The Ornamental Garden in April

  • By Pat Chadwick
  • /
  • April 2015 - Vol 1. No. 4

April teaches us lessons in both vigilance and patience. Bright sunny days and warm spring breezes lull us into thinking cold weather is behind us. But we need to stay vigilant for sudden dips in nighttime temperatures that can result in deadly overnight frosts. If spring rains make the soil too wet to work, we must be patient and wait for drier gardening conditions.

If a frost is forecast, protect tender new growth with row covers, old sheets, cardboard, or even layers of newspaper. Just remember to remove the coverings the next morning. Otherwise, you may accidentally “cook” your plants as day-time temperatures rise.

Note the location of emerging spring bulb clumps.  If you haven’t drawn a plot of your garden, now is a good time to sketch one before bulb foliage dies back. This map will come in handy later to help you avoid digging into and damaging the bulbs. Another good habit is to use a garden journal to record the location, cultural requirements, and other useful information about each of your plants.

Fertilize spring-flowering bulbs after they finish blooming. An organic fertilizer especially formulated for bulbs is a good choice. Avoid using a high-nitrogen fertilizer which may promote lots of lush-looking foliage at the expense of flower production next spring.

Cut daffodil and hyacinth flower stalks to the ground after they finish blooming. Why? Because you want the bulbs to focus on storing energy for next year’s blossoms and not on developing seed heads. Do not cut the foliage. Also, don’t braid it or tie it because this interferes with photosynthesis. Just let the foliage die back naturally. The leaves are needed to produce strong bulbs for next season’s blossoms.

If your daffodils have become crowded and aren’t producing as many flowers as in past years, they need to be divided. Mark the location of the clump so that you can find it later in the summer after the foliage has died back. A golf tee, plastic knife, or wooden stick is useful for this purpose. Make a note to dig up and separate the bulbs in July.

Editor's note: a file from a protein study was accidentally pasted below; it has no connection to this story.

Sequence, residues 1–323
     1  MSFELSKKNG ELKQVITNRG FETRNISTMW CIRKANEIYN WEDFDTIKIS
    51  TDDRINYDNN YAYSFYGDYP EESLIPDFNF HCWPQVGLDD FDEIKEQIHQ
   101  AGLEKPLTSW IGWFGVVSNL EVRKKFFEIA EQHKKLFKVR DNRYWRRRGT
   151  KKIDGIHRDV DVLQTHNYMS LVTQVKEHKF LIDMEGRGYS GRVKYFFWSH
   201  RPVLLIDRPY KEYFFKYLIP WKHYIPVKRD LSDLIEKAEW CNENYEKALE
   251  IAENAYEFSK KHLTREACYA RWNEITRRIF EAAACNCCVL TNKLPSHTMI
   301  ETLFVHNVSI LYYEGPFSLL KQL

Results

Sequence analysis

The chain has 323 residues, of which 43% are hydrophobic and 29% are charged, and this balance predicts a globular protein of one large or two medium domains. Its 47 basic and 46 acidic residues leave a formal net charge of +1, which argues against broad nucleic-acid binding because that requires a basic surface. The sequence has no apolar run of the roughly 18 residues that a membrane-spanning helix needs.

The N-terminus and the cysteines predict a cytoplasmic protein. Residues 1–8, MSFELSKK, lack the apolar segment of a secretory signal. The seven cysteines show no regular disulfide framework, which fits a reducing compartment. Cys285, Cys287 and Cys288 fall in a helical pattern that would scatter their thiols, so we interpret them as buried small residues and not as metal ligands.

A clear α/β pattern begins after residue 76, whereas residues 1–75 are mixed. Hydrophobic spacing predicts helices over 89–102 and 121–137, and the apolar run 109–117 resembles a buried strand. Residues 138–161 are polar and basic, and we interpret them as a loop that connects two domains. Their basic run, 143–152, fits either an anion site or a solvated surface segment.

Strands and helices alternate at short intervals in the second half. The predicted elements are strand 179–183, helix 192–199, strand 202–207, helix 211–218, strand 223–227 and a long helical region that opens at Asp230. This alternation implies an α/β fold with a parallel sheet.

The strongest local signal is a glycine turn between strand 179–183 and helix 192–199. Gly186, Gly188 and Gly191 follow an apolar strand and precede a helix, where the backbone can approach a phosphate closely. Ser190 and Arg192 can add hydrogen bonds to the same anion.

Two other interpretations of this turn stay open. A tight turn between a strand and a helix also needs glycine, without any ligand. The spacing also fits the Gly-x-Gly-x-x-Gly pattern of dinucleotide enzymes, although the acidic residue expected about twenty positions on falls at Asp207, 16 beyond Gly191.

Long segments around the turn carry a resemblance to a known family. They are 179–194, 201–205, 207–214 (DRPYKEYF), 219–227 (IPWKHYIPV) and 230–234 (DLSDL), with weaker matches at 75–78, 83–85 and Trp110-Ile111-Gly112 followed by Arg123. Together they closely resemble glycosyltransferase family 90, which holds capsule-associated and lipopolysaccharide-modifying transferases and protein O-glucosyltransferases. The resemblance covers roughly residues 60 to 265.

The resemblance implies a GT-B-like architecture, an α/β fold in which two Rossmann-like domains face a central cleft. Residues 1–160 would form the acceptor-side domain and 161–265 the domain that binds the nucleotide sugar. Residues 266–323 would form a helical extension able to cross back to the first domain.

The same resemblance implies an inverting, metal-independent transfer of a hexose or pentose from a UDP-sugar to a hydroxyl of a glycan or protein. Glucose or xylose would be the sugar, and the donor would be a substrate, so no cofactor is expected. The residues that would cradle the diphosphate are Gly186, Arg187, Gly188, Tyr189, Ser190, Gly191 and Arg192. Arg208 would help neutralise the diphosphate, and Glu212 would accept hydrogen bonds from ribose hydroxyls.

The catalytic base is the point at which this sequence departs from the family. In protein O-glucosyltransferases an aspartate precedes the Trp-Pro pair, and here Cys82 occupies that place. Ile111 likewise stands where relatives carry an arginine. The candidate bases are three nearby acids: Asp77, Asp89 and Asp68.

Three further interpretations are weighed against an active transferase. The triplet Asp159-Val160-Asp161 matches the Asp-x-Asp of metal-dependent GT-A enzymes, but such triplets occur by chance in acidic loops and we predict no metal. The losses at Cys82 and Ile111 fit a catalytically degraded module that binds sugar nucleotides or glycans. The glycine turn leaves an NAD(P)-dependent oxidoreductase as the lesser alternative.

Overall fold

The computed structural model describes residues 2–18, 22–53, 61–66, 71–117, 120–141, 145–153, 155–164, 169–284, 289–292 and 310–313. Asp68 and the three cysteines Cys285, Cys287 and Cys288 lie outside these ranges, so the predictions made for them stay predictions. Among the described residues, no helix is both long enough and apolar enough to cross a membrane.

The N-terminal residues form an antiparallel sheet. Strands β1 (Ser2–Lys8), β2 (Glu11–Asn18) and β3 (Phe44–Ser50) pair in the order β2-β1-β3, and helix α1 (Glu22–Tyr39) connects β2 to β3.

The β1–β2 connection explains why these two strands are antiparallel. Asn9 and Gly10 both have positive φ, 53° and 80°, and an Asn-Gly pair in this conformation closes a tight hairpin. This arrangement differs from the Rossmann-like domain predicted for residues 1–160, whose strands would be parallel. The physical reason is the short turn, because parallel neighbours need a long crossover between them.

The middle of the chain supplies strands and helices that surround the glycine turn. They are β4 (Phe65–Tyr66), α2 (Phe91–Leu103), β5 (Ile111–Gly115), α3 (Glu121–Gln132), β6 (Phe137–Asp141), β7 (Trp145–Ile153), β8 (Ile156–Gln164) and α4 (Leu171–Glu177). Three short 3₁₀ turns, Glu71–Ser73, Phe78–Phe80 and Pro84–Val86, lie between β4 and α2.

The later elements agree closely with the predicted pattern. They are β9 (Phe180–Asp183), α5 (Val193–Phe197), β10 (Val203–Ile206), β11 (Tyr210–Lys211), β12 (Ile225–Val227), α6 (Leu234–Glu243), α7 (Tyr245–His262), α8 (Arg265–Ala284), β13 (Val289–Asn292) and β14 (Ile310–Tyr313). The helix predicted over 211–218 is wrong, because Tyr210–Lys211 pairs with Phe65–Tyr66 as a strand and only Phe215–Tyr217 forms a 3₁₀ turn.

Check emerging irises for diseases or borer damage. Leaf Spot is one of the more common fungal diseases of irises. For information on symptoms and controls of this disease, see VCE Publication 450-600 – Iris Leaf Spot (http://www.pubs.ext.vt.edu/450/450-600/450-600.html). Iris borers are another common problem. Borer larvae feed below the soil level on the rhizomes. Feeding damage is sometimes not apparent until the plant dies or the leaves wilt. Inspect young iris foliage for notches in the edges of center foliage and slimy frass. If you detect the presence of a borer caterpillar in the leaf, crush it with your fingers. If the borer gets to the rhizome, this pest will hollow it out and then proceed to other rhizomes. Bacterial soft rot often follows borer damage. Removal of all dead or damaged leaves in the fall is the best way to control this pest. Either burn the foliage or dispose of it in the trash. Do not compost diseased irises. See the American Iris Society website for additional information on iris pests and diseases (www.irises.org).

Iris Borer Larva-1

Iris Borer Larva